Given that it has now been running for longer than his Test Icicles and Lightspeed Champion projects combined, Devonte Hynes’ Blood Orange moniker seems to finally cemented itself as the true voice of his artistic ambitions. His latest album ‘Freetown Sound’ represents the payoff to a slow burning journey that began with him reassessing his singer-songwriter in 2009 and beginning the process of reworking the less aggressively masculine forms of hip-hop and combining them with his pop writing sensibilities to create a woozy, unique style that can only be described as ‘Queer Street’. On second thoughts, that sounds far too much like a Bert and Ernie spin off. Let’s call it ‘Urban Camp’ instead.
When Hynes traded cardigans and comic couplets for snapbacks and sensitivity, many fans of his previous work (myself included) didn’t really know what to make of the change. The socially aware semi-autobiographical bent of Lightspeed Champion was there, but the braggadocio had disappeared. As his growing penchant for collaborations and guest spots would later prove, Blood Orange was more an extension of Hynes’ burgeoning career as a writer for other musicians than it was a ‘solo project’ in the traditional sense. Over the course of both ‘Coastal Grooves’ and ‘Cupid Deluxe’ he focused on using his project as both a hub of creative convergence for his circle of collaborators and a platform on which he could explore more complex social issues than his prior subject matter of growing up black, odd and sexually confused.
On ‘Freetown Sound’ these two ambitions are inextricably tied together, most prominently in the starring role Hynes gives over to the female voices on this album. His writing work with big hitting female artists such as Florence and the Machine and Carly Rae Jepsen (who guests on ‘Better Than Me’) has revealed a writer with a knack not only for a stadium-shattering hook, but also an understanding the female voice in more ways than one. A focus on the power and self-expression of women has always run through his output, and so it’s fitting that his new album begins with an impassioned poem about black feminism from Ashlee Haze that sets the tone for the rest of ‘Freetown Sound’.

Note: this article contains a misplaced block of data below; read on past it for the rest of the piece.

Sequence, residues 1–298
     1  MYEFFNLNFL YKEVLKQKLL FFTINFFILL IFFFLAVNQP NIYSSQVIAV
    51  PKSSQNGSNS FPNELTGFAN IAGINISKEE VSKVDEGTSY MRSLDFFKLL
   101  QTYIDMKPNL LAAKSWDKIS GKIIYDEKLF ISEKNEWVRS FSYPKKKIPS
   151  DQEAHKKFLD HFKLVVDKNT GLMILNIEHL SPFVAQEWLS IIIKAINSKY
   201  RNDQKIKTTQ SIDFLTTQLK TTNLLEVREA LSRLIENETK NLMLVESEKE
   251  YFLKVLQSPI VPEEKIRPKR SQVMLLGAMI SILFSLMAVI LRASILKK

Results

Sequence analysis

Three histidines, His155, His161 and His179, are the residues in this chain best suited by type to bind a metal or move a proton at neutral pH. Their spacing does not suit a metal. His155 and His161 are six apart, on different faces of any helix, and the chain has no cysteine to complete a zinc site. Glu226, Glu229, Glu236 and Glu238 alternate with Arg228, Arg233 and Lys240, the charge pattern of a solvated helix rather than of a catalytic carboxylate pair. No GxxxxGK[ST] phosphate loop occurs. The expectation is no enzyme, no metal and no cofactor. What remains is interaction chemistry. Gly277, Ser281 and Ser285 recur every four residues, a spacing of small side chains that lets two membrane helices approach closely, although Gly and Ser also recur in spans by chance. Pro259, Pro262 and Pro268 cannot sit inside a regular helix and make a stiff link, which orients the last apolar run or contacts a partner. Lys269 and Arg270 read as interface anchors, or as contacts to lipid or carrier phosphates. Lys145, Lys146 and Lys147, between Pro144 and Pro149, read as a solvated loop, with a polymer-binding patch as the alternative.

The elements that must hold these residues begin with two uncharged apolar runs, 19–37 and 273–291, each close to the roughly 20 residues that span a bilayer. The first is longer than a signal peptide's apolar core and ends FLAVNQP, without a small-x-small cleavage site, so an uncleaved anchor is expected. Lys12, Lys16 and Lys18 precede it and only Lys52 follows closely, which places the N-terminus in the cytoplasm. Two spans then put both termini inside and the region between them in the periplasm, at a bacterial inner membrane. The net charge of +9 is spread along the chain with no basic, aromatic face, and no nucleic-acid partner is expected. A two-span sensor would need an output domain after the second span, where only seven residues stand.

Hynes elects to remain in the backseat for much of the album’s runtime, providing backdrops of loose beats and angelic harmonies over which the powerful voices of female collaborators both old and new are left free to take charge. Nelly Furtado sounds more relevant than she ever has on late album highlight ‘Hadron Collider’ while Debbie Harry takes the reins on ‘E.V.P.’ to add to the record’s prevalent ‘New York love-in’ vibe. Less established performers such as Kelsey Lu and Empress Of also pack their own punches on ‘Chance’ and ‘Best To You’ respectively, the latter of which sees the sensitive Hynes trying not to make a lone girl walking home feel threatened while also admiring her beauty on a track that nicely captures that crisis of conscience felt by all modern male feminists. It’s pretty much the antidote to ‘Blurred Lines’.
If Hynes had chosen to make the power of femininity the basis of this album it would be pretty much flawless. It’s themes of self-expression and acceptance also let it stand proudly as a product of the queer New York post-ballroom scene that Blood Orange helped to cultivate. But the single issue that undermines the cohesiveness of ‘Freetown Sound’ is Hynes’ decision to publicise it as an album about black identity, which it really isn’t. From its title (the capital of Sierra Leone where Hynes’ father was born) to the very light scattering of police brutality references on an otherwise straightforward love song ‘Hands Up’, this seems to be the one aspect of social progressivism that really falls flat on the album. Sampling a Black Lives Matter protest does not make you a Kanye, let alone a Kendrick, and the constant ‘I’ over ‘we’ individualism of Hynes’ lyrics, while perfect for the self-empowerment present in the politics of sexual identity, does not gel with the racial equality movement’s essential aspect of social unity.
This might be an incredibly unfair assessment, as the album is obviously sourced from Hynes’ own experience of finding his own voice and identity in what is still a white, straight man’s world, and his race is obviously a massive part of that. But if Hynes had truly wanted to create an album about black identity as opposed to his own identity, he would have included the powerful ‘Sandra’s Smile’ and focused on the matter across all 17 tracks. He would have made a record dedicated to togetherness rather than individuality and it would have been equally excellent. Instead it becomes an underdeveloped aspect of what is otherwise an expertly tailored and politically-charged work of pop.
Words: Josh Gray
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